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Posted on Thu, Jul 1, 2010 : 12:40 a.m.

Is it a weed patch, or a garden? 'Cues to care' clue in neighbors, passersby

By Rick Meader

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False sunflower (Heliopsis helianthoides) brings some bright color to my yard.

Rick Meader | Contributor

This, unfortunately, is a question asked fairly frequently about yards landscaped with native plants. Because many native plants get taller than 1 foot, and don’t bloom all of the time, and because the overwhelming majority of people really don’t know plants all that well, especially those you can’t buy at most nurseries, it’s not unfair. Also, there are people who truly do have weed patches whose only thing in common with more carefully planted and maintained native plantings is that the plants are allowed to grow to their natural height. In any case, if you’re going to go with natives, don’t take offense at such a comment - they come with the territory.

Instead, try to do little things with your landscape that will let your neighbors or passersby know that you haven’t just let your lawn “go to seed” and that there’s a method behind the madness.

Joan Nassauer, a professor of mine in Landscape Architecture at the University of Michigan, taught us about the value in “cues to care”. Basically, “cues to care” are things you can do with a landscape that let people know that you are actually caring for it. These cues can be formal, casual, functional or humorous. They can be big or small, but they have to be noticeable to a casual observer, or you’re just doing it for yourself. This concept works for yards with a pocket of native landscaping or for yards that are mostly or all “wild.” For example, my front yard is not big, and was a traditional mostly rectangular lawn with a strip of mainstream landscaping along the side. I gradually took some of the lawn area out of mowing, replacing it with native plants that like woods. Our little house looks a little like a cottage, and we have a lot of trees on our lot, so I decided to work toward a “cottage in the woods” look by adding plants that could utilize the light shade. As I learned more about the trees in my yard, I found that about 80 percent of them are invasive - Siberian elm and White mulberry. In any case, they cast a nice light shade that worked with the cottage theme. This is all a painful background to the point of my story. As I got more plants, I needed more room, so I took more area out of lawn. I kind of went with a rounded edge look to the woodland plantings instead of just the geometric look. In order to really give it a defined edge, and let people know that I meant for it to be there, I got a pallet of bricks and used it to edge the woodland plantings. This edging is a cue to care. I could have used rocks, or fencing, or even a cut edge, but by showing a definite edge between the plantings and the lawn, it lets people know that there is intent in the design. Of course, mowing the lawn that remains also helps.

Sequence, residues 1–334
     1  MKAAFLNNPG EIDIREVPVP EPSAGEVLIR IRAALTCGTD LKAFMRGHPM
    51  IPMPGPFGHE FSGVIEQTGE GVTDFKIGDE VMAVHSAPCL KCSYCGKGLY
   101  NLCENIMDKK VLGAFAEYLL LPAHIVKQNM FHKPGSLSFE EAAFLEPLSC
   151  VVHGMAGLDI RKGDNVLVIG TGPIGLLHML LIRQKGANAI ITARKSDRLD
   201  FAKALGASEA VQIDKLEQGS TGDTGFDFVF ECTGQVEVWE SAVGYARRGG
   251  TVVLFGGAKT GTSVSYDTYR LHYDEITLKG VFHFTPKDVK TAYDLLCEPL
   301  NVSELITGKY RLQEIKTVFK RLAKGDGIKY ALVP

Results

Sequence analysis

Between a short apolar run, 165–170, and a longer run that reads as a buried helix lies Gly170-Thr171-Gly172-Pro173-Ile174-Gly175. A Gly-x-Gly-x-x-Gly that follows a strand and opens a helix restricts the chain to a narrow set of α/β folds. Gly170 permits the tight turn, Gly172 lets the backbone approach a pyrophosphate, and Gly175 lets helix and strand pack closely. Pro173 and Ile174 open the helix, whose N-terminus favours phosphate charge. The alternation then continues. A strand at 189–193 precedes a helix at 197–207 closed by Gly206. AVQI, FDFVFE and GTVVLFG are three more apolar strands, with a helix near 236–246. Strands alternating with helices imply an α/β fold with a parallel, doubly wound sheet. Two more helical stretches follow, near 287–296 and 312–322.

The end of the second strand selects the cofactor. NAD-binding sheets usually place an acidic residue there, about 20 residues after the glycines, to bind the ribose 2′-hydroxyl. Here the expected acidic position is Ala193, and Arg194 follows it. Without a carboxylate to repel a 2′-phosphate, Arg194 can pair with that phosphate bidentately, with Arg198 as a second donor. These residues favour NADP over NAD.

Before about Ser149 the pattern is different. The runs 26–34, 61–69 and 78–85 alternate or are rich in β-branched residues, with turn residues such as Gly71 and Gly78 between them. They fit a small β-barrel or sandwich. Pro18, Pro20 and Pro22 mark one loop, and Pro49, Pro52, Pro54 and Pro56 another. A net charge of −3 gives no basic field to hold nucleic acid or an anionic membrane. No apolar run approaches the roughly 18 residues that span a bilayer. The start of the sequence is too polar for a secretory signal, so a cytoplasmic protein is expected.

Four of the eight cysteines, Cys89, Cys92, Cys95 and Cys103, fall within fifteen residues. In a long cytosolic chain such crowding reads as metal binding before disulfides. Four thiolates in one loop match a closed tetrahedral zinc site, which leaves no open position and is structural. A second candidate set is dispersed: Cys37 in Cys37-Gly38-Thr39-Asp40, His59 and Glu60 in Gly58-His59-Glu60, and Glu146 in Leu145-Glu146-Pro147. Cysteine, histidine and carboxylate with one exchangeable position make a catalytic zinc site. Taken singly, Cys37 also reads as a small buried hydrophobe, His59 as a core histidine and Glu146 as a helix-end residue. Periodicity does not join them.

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Brick edging "cue to care" separates the taller native plants from my lawn. It needs some trimming to really show off the bricks.

Rick Meader | Contributor

Another cue to care I have is a small birdhouse for wrens on a pole I placed in the middle of the “garden.” Not only is it fun to see the little chatterer disappear into the hole, it lets people know that I am showing some care for nature, which is another hint that the taller area may not just be an overgrown section of my yard. A further cue to care is actual care. I leave the plants up all winter for winter interest, to leave the seeds for birds to eat, and to give bugs a place to survive the cold. But in the spring, I hack the dead stuff down and remove most of it, starting with a clean slate for the short spring flowers.